Scott Marks 9 a.m., March 10
Jean-Pierre Melville's acutely minimalist take on American gangster films resulted in a formal probity unlike anything cinema has experienced before or since. Un Flic is his final contemplation of the genre he embraced. Both the reason for the opening heist and the rationale behind a seemingly well-heeled cabaret owner (Richard Crenna) acting as criminal mastermind remain in the shadows as Melville wisely sidesteps the planning and opens on action. Alain Delon is the cop assigned to the case, a world-weary dick who shares two things with his target: career fatigue and a whore named Cathy (played by a ravishing Catherine Deneuve). The story unfolds in furtive glances and artful gestures, the camera moving only when it needs to follow the action. Dialogue is kept to a minimum. The final blast of action plays out in the name of love. Not between characters, but from the director to a genre he spent a lifetime refining. 1972.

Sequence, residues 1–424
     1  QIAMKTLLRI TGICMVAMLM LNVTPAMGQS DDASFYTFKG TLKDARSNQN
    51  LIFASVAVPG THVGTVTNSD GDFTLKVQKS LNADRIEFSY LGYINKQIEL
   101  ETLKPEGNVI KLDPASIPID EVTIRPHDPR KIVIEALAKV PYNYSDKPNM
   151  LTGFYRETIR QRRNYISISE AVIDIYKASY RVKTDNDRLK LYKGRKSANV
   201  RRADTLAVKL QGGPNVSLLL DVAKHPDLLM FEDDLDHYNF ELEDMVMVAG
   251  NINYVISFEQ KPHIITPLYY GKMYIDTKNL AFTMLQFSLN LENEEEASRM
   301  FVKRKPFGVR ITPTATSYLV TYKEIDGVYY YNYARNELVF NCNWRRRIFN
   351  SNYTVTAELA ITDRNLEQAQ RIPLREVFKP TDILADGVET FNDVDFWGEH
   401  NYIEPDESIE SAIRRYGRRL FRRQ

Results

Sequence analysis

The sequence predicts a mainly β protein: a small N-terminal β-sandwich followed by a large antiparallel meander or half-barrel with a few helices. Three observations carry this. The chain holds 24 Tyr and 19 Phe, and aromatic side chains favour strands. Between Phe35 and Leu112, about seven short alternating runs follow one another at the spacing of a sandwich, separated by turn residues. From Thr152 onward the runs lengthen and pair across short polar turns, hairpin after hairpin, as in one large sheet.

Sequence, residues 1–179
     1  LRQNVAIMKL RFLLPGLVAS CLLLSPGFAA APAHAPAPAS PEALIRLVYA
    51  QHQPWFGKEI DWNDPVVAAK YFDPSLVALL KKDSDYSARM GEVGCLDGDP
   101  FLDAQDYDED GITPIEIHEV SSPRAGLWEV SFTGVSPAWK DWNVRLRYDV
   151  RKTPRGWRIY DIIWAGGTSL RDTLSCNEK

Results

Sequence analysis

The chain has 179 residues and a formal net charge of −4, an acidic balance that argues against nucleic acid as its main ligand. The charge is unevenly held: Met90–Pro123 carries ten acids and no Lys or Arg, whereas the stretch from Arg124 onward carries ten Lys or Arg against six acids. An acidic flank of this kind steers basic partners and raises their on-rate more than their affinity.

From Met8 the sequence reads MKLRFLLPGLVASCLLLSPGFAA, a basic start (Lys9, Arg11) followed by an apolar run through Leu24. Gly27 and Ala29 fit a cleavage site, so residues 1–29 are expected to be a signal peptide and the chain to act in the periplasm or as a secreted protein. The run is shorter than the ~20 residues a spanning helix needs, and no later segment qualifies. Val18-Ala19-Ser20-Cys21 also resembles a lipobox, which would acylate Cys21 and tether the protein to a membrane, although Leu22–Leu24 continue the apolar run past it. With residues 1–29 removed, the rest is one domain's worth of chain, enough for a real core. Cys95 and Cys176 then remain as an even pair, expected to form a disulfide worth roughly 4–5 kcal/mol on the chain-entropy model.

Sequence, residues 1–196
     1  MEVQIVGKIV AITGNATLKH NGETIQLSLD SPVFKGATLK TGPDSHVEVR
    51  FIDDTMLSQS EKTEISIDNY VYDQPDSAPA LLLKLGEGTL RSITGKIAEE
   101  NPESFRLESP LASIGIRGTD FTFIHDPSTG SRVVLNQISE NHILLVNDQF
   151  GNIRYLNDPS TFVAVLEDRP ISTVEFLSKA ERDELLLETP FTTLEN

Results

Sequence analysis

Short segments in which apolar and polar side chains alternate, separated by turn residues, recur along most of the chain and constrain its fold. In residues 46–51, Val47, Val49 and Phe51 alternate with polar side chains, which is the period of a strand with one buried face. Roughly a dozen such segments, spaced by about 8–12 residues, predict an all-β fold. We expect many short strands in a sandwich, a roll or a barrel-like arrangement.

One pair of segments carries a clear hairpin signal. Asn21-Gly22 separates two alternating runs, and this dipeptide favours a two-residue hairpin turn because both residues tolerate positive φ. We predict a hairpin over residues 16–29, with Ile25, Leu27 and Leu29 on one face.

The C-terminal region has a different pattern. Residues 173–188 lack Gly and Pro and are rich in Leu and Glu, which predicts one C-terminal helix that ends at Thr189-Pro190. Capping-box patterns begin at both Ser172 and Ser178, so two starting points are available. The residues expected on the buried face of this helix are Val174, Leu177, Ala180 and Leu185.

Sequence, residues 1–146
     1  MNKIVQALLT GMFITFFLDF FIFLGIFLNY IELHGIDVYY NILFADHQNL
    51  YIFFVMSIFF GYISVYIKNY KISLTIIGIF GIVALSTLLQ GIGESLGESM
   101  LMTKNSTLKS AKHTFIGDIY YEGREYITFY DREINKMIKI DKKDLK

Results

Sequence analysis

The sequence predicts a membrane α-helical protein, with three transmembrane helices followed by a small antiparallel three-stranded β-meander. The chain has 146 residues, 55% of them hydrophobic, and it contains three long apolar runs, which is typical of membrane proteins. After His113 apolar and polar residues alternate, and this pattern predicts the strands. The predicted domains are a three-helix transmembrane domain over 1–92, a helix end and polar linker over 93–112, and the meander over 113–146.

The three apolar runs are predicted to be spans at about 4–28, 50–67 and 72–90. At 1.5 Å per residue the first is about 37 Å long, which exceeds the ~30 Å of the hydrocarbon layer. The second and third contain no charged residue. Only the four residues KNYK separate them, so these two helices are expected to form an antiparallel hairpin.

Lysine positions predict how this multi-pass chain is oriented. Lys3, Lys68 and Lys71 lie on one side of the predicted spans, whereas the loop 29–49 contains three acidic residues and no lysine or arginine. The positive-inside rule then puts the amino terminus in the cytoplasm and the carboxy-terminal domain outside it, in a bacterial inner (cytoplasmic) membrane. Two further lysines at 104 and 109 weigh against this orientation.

— Scott Marks
- Rated PG | 1 hour, 38 minutes
- Official website
- "Melville's Money Movie" • July 17, 2013